dojo.xhrGet({
	url: "/jsonrpc",
	handleAs: 'json',
	load: function(response){
		spsupport.service = new dojo.rpc.JsonService({
			serviceType: 'JSON-RPC',
			serviceURL: "/jsonrpc",
			timeout: 6000,
			methods : response['procs']
		});		 
	},
	sync:true
});

This small snippet will synchronously load the RPC service description. It works synchronously because the UI can’t do much until it can make RPC calls for data. Then, it pulls the function names out of the response to create the JsonService. From that point onward, we just make calls to spsupport.service.function_name whenever we need to call the server.

Each available RPC call is simply a Python function in a module that has some extra metadata attached to it. For example, the request_details function is used to look up a support request by ID and return the detailed information about the request:

@auth
@params(dict(name='id', type='str'))
@returns('obj')
def request_details(user, id):
    """Returns the detailed information for a request.
    
    Params:
    
    * id: the request ID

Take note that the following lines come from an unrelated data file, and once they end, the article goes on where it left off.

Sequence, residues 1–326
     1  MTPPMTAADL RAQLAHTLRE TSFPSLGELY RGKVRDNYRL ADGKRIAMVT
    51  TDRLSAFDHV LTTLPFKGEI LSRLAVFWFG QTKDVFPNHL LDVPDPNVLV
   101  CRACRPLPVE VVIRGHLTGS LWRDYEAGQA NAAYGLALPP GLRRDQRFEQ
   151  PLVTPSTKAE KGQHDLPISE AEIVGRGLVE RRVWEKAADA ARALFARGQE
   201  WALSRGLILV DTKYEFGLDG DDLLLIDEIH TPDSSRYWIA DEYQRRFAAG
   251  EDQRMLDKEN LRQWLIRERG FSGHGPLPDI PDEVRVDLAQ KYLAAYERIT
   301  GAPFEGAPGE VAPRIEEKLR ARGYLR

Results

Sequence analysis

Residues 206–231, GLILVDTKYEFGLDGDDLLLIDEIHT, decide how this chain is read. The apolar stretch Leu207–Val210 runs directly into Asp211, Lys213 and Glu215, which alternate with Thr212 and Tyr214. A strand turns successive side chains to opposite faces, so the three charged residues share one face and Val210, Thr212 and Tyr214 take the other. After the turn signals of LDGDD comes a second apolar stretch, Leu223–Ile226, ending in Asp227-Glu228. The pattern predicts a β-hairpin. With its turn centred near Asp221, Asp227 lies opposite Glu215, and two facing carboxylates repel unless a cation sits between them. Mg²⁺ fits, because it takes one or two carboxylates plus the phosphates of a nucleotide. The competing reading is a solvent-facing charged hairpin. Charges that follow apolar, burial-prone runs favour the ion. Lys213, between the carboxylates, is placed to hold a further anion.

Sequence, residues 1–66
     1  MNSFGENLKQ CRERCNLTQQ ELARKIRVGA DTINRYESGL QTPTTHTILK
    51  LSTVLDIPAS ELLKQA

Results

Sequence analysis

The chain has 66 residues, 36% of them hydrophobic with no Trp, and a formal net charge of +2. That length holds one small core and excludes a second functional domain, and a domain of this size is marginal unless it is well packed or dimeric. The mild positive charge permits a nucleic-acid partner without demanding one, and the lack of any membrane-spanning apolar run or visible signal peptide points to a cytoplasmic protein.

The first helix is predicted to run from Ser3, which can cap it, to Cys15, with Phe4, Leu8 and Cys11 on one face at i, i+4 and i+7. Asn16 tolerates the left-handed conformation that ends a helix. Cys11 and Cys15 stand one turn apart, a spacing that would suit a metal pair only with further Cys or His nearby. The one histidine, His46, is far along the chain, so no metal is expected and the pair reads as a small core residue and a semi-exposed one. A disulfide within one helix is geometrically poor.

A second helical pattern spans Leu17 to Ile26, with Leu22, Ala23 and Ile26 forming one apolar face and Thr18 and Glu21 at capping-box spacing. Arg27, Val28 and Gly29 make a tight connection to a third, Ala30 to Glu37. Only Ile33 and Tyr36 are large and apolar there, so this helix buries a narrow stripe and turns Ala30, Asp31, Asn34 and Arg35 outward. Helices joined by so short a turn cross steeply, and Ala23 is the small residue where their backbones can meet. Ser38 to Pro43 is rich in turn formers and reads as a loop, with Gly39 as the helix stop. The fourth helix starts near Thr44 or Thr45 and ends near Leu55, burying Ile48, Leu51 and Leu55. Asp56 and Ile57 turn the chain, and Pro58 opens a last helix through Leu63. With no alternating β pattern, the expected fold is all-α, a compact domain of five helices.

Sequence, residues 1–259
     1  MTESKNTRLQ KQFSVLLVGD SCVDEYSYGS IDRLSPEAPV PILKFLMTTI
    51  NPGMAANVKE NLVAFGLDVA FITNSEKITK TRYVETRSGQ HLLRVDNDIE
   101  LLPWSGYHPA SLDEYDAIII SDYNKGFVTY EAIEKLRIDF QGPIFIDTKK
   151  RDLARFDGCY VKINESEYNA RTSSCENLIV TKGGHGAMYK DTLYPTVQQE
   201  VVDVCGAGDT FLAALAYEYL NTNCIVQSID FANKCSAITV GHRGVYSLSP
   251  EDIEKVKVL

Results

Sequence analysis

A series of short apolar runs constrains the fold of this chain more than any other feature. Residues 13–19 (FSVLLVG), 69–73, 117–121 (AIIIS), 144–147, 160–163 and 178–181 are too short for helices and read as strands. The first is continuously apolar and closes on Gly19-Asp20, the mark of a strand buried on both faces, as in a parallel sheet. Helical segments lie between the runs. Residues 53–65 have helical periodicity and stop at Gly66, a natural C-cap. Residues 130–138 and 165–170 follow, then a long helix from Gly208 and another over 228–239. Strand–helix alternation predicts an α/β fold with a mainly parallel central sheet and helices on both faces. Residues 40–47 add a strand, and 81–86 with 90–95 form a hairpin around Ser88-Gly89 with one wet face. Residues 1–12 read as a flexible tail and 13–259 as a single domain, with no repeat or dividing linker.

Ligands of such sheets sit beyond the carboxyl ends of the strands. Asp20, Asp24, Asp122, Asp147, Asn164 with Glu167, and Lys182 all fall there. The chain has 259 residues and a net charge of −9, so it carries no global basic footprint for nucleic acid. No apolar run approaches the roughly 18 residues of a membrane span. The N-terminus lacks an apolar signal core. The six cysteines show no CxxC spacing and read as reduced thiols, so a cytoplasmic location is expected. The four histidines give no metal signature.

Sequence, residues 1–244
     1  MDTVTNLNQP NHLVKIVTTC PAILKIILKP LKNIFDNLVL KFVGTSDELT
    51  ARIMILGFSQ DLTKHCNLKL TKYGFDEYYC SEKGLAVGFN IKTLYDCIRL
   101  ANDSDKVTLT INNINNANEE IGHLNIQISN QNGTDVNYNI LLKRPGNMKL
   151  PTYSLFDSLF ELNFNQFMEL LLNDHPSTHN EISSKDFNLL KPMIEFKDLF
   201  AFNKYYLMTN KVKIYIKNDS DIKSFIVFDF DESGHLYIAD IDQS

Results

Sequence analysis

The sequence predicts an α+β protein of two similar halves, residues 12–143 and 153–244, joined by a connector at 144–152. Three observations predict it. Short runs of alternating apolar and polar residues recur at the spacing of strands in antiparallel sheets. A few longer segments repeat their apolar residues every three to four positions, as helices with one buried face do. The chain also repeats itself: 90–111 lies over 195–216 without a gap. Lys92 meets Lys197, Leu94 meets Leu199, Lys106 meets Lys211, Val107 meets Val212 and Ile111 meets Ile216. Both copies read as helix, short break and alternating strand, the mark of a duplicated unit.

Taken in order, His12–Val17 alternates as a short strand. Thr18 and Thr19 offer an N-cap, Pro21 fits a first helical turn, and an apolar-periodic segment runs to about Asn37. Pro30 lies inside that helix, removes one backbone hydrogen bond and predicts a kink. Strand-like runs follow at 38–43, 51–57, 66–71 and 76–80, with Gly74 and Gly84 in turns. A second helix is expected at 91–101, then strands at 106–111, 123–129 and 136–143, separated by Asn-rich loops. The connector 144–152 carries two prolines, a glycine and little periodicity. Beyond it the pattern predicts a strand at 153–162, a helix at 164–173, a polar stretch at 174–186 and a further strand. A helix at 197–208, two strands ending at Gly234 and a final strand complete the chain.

Returns:
    
    * object with the detailed information
    """

The @returns decorator is used to mark the function as one that should be available via JSON-RPC, and to also make note of the return type. The @params decorator, combined with the return type listed in @returns, are used when generating the service description for the client. @auth tells our JSONRPCDispatcher subclass that this function requires authentication. Whenever the @auth decorator is present, the first parameter passed to the function is always the user object. The function itself can then perform additional checks. For example, request_details makes sure that the request is from the same organization as the user.

This design makes it very easy for us to write automated tests for the server side code. I’m personally a fan of test driven development in general, and in the next section we’ll see why automated tests are particularly important for this kind of application.

All Out in the Open

When you provide a rich user interface, particularly using Open Web technologies, you cannot count on security through obscurity. You have to assume that people will study your code and learn about all of your “hidden” URLs that make up sensitive APIs. You would never guess that Gmail doesn’t have a public API, given the number of add-ons people have made for it.